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Assemblyman
Marc W. Butler
Assembly District 118
 
Striking A Balance Between NY’s Medicaid Costs And Services – Part II
Legislative Column from Assemblyman Marc W. Butler (R,C,I-Newport)
February 8, 2012

As I described in my last column, it has become increasingly clear that New York State’s Medicaid costs are growing at unsustainable levels, a matter that is causing me great concern. The humble 1966 Medicaid program has expanded exponentially since that time, placing our counties, which administer the program, and taxpayers, who pay for the services, in an untenable position of supporting the state’s largest unfunded mandate in the midst of shrinking local budgets. New York’s version of Medicaid care is costing us over $1 billion a week; the circumstances are dire and something must be done immediately to ensure that these services remain available to those who need it the most without breaking the bank for everyone else.

Gov. Cuomo has called for a gradually implemented cap on cost increases to Medicaid and an eventual consolidation of administrative responsibilities at the state level. Good as far as it goes, but efforts which still fail to correct the underlying causes of Medicaid’s ballooning expenditures.

Counties have been directed by the state to administer and fund Medicaid at the local level for nearly 50 years. Some experts have estimated that, without this local involvement, far more individuals would have enrolled under New York’s already generous eligibility rules. If the state takes over the administrative duties, the incentive to control excessive enrollment is lost, and may very well lead to more beneficiaries than our local taxpayers can afford to pay.

Many county officials are advocating for a full state take-over of Medicaid costs. Currently, counties pay for roughly 25 percent of the cost. I am co-sponsor of a bill that would allow for the gradual takeover of those costs, which amount to about $8 billion annually. The problem again is that if the costs do not change, the state must raise an additional $8 billion or cut other programs. Do we raise income taxes or business taxes? Some argue that it is a fairer way to raise the needed revenue, since the value of your home, and correspondingly, your property taxes do not necessarily reflect your income or wealth.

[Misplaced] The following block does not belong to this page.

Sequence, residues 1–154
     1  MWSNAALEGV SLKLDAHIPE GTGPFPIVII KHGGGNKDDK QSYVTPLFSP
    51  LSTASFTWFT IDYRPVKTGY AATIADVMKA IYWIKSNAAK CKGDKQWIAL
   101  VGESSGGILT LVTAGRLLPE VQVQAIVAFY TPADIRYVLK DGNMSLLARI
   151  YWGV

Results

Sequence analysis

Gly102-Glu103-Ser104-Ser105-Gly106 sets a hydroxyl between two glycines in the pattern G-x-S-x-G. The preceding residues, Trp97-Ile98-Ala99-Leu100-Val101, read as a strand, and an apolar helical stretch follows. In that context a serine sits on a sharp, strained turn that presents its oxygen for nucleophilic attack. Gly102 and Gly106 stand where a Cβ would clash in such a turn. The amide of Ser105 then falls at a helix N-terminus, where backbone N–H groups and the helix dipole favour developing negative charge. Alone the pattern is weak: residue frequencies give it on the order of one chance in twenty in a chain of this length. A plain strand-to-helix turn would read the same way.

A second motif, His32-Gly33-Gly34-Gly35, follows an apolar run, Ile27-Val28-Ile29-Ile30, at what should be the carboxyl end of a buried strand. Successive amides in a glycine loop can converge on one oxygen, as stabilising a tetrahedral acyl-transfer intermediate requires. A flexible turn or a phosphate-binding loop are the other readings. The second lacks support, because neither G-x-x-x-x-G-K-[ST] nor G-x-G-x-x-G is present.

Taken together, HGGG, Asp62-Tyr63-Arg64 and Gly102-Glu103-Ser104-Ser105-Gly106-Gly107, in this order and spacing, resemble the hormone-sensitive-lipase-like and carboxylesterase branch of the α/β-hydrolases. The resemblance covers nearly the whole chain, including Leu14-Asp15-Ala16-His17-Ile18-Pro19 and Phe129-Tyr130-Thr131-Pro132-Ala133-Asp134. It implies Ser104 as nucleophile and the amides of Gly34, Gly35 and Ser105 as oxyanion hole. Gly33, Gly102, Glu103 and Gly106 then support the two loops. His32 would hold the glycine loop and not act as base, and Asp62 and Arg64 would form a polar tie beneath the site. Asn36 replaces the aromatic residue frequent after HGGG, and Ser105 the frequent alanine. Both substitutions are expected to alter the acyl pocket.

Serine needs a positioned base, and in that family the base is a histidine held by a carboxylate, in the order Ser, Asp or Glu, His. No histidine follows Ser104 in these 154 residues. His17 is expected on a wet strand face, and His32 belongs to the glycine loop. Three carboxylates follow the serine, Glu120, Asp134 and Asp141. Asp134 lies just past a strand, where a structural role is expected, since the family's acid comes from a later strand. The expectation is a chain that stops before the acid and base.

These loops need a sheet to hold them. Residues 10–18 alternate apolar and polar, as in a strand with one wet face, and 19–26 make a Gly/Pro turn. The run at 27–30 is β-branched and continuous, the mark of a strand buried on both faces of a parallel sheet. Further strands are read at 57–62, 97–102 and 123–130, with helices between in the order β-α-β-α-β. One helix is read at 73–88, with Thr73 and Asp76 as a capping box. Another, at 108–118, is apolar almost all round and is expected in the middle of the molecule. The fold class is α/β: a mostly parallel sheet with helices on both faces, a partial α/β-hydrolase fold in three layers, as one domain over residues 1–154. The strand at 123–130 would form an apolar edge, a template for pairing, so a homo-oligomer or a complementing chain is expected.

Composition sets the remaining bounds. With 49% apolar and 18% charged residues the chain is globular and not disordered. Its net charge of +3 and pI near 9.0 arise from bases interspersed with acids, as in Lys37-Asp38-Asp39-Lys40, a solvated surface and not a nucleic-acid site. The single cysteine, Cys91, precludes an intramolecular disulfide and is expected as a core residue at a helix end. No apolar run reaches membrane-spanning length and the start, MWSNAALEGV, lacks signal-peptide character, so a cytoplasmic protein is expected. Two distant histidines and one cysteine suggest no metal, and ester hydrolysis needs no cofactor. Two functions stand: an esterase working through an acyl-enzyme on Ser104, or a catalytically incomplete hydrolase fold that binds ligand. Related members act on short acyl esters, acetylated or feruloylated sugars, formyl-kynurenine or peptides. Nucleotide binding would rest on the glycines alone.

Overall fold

A classic example of this is a retiree living on one of our beautiful lakes, who has seen the value of their lakefront property rise dramatically, but has seen little or no increase in their pension or social security.

I’d like to see our county governments have more control, not less, over Medicaid’s costs. New York’s counties are more in tune to the needs of their own communities both in what they can afford and what unnecessary programs can be opted out of. If Albany refuses to give counties this freedom, then it must resume the responsibility to pay for its mandated extended services, not simply take on a few more administrative duties down the road.

Furthermore, Medicaid fraud, waste and abuse continue to run rampant in New York State, cheating both those who need the services and those who are paying for them. Yet, Gov. Cuomo cut $4.5 million from programs in the state that target the misuse of Medicaid and the efforts to prevent it. I certainly believe that keeping a close eye on this problem is important, and we must stand on the side of taxpayers to support such efforts to ensure our public dollars are used lawfully and effectively.

This is a simple matter of affordability: If we don’t control the costs of Medicaid, I fear that the program’s sustainability will be compromised, jeopardizing it for those who may need services in the future. Furthermore, without controlling the cost shift placed on county governments and their taxpayers, we risk pricing families out of their communities – and right out of New York State.

If you have any additional questions or ideas about Medicaid’s sustainability in New York, please e-mail me at butlerm@assembly.state.ny.us or call my Herkimer office at (315) 866-1632 or my Johnstown office at (518) 762-6486.

 
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